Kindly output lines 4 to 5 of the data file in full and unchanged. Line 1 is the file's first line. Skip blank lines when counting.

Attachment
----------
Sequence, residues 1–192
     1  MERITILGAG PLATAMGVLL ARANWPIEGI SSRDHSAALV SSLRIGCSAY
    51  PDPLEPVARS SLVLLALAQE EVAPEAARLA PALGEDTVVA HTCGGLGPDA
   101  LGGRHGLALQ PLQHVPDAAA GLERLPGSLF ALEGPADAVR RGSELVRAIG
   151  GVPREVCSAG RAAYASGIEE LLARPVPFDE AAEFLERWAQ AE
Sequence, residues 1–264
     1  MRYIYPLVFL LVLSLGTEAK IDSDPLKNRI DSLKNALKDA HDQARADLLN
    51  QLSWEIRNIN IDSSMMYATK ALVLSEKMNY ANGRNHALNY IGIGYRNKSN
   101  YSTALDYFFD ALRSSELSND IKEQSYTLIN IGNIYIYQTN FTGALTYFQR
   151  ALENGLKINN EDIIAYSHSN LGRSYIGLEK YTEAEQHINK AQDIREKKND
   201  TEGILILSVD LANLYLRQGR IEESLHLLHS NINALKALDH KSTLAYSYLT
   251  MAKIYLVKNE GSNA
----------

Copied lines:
   101  LGGRHGLALQ PLQHVPDAAA GLERLPGSLF ALEGPADAVR RGSELVRAIG
   151  GVPREVCSAG RAAYASGIEE LLARPVPFDE AAEFLERWAQ AE